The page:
As the Baltimore Police Department faces one of the largest corruption scandals in its history, the city's new state's attorney is revamping the way prosecutors deal with police wrongdoing as part of a comprehensive office overhaul.
Gregg Bernstein, who took office in January, is considering eliminating a decade-old division that is devoted to police misconduct cases. And he has abolished a controversial list kept by his predecessor that banned certain officers from testifying at trial.
Such moves appear contrary to national trends "in larger jurisdictions" like Baltimore, according to Scott Burns, executive director of the National District Attorneys Association, based in Alexandria, Va. Most cities have a separate prosecutor's unit to investigate criminal allegations against police, he said, and everyone keeps tabs on officers who might have credibility issues.
"Whether by formal policy or by common sense, you try to make sure that person isn't the lead investigator on every case," Burns said.
While Bernstein is still choosing his final moves, law enforcement analysts said they are likely to be geared toward preserving positive relations with police.
Bernstein campaigned for the top prosecutor position on a platform of better relations with law enforcement, which roundly endorsed him after years of butting heads with former Baltimore State's Attorney Patricia Jessamy, who wasn't shy about criticizing the department.
"The Police Department isn't the enemy" of the prosecutor's office, said Christopher Dreisbach, an assistant professor within the Division of Public Safety Leadership at the Johns Hopkins University's School of Education. "There's a kind of loss of confidence in the whole law enforcement structure of the city if the two main players are feuding with each other."
Events during Bernstein's first few weeks on the job have underscored the need for the watchdog role, however.
In January, four officers were involved in the fatal shooting of a colleague outside a city club. Last month, 17 officers were indicted on federal charges in connection with a towing company extortion scheme, and 14 others were suspended from work. And last week, The Daily Record newspaper reported that payouts in police misconduct civil suits have already cost Baltimore more than $800,000 this year.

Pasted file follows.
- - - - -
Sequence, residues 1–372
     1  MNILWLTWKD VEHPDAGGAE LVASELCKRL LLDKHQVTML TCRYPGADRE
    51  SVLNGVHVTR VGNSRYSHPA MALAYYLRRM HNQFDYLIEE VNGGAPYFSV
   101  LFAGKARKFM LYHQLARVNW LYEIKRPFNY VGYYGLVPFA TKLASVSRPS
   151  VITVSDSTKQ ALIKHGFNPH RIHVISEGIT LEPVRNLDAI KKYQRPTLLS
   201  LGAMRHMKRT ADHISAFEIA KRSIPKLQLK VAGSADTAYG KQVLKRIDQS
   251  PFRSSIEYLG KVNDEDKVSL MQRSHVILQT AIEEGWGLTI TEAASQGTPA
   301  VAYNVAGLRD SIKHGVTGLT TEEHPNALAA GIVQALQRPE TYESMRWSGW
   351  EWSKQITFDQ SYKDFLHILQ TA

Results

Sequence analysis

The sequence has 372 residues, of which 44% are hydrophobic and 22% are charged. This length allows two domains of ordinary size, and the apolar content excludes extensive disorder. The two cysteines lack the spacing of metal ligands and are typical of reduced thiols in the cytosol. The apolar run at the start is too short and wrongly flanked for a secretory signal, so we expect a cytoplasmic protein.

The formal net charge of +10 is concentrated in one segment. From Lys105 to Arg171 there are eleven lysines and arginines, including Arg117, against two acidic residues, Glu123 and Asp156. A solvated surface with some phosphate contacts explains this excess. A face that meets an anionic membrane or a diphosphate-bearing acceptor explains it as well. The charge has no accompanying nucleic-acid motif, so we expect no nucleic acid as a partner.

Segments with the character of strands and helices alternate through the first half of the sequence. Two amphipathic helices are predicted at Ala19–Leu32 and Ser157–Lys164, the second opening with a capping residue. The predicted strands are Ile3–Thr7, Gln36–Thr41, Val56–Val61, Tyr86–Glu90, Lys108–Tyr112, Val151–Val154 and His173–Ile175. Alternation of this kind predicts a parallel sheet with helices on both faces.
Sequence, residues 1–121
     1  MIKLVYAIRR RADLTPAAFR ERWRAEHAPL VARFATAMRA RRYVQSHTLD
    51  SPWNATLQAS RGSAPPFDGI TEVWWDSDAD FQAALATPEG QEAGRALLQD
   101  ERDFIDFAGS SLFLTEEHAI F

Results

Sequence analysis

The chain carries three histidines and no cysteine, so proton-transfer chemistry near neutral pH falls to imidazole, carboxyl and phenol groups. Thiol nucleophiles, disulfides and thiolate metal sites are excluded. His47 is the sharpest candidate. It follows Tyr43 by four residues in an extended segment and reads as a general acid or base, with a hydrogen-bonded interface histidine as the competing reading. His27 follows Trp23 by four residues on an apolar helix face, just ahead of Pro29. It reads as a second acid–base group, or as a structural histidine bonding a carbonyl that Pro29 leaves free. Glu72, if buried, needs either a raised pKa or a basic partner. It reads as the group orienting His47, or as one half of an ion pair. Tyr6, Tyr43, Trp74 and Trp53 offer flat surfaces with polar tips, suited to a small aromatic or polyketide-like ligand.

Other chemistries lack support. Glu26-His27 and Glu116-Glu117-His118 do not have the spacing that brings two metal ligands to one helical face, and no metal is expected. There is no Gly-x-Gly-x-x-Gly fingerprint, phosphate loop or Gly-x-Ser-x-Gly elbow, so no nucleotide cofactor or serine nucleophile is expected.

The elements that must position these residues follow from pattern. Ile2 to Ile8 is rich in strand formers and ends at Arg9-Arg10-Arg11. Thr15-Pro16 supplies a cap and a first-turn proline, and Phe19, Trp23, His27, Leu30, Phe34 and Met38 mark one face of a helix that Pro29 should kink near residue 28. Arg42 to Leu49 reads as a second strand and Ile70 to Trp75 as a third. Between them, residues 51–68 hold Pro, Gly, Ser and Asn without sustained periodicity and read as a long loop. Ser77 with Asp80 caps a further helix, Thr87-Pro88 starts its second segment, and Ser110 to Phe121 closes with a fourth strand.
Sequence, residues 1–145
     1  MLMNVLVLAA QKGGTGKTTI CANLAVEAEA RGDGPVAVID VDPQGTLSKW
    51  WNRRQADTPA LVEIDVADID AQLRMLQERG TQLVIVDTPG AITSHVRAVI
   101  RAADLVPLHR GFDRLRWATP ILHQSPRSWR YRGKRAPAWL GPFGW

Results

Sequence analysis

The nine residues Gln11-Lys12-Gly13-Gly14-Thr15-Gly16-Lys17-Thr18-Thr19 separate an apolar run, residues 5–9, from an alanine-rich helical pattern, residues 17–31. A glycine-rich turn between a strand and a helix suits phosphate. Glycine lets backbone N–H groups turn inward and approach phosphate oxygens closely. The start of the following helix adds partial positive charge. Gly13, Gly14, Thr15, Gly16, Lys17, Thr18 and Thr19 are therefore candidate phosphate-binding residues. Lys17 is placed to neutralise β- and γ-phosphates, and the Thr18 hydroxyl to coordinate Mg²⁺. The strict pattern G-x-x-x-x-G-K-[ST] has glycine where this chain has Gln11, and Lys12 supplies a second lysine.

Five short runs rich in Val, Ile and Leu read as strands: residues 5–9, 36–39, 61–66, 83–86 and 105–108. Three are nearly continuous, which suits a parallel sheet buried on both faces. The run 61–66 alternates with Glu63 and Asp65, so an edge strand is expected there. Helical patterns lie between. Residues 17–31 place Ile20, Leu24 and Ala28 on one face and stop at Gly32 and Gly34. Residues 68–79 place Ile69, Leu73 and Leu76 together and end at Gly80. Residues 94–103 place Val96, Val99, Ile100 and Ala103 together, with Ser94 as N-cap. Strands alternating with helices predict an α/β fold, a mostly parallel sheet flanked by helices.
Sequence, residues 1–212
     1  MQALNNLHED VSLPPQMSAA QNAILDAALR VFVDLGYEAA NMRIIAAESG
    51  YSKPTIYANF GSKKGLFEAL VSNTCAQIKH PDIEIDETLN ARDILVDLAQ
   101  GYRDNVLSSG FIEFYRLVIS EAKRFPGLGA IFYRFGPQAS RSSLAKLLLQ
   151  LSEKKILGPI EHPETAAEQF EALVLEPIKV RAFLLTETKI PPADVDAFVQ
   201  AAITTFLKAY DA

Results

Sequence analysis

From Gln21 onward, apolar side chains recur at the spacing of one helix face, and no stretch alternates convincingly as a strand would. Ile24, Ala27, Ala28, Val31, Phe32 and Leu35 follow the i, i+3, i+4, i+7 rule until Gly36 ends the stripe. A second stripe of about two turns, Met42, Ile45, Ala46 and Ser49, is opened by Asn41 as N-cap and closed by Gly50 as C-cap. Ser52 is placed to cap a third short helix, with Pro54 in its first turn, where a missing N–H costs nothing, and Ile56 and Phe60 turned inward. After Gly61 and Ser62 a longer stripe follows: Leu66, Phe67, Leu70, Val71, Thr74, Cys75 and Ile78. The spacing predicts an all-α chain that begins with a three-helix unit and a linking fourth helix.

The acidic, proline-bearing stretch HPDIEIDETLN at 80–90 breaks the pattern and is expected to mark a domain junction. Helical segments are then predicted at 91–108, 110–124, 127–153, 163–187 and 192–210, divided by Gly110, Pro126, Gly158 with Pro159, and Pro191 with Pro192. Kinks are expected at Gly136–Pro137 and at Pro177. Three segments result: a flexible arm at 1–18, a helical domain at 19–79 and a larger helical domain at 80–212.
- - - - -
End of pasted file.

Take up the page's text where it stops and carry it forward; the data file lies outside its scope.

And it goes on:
"The investigation of allegations of police misconduct is a significant priority of our office," Bernstein said in an e-mailed statement.
He declined to be interviewed, saying in the 500-word message sent a week ago that his "schedule is a bit tight" and he was not "able to meet … or talk on the phone" about the issues or the specific factors he's taking into account in setting police misconduct policies.
History and conversations with several other prosecutors, including state's attorneys in Baltimore and Prince George's counties, reveal a range of considerations in handling such cases, based on the region.
"It just depends on how big," the region is, Burns said.
Most misconduct investigations start inside the Police Department, which is then supposed to bring cases to prosecutors if the alleged conduct could be criminal.
Smaller jurisdictions with populations under 10,000, which make up about 80 percent of the country's prosecutor offices, often refer the cases to be handled out of town, Burns said. But the larger areas — Seattle, Miami, New York, Houston — handle them on their own, often under a separate unit within the prosecutor's office.
Baltimore has had its Police Misconduct Unit for 10 years, though what it will look like in the future is undecided. Its chief, Douglas Ludwig, retired in January, and a senior prosecutor has been filling in ever since.
"[W]e have been actively reviewing the operation of the Police Misconduct Unit almost from the first day I took office," Bernstein said in the statement, noting that decisions about the scope and structure of such a division going forward "will be made within the overall context of the decisions we make as to the organizational structure of the office as a whole."
As part of the review, Baltimore has studied the operations of offices in other cities and worked with police "to establish lines of communication and information-sharing regarding specific allegations of misconduct," he said.
Before Baltimore had the misconduct unit, prosecuting corrupt city police was handled by the chief of the economic crimes division, Elizabeth A. Ritter, within the state's attorney's office.
But, in January 2001, evidence disappeared in a case against an officer accused of perjury and misconduct, leading Jessamy to drop criminal charges against him. That prompted then-Mayor Martin O'Malley to blast her as not having "goddamn guts to get off her ass and go in and try this case."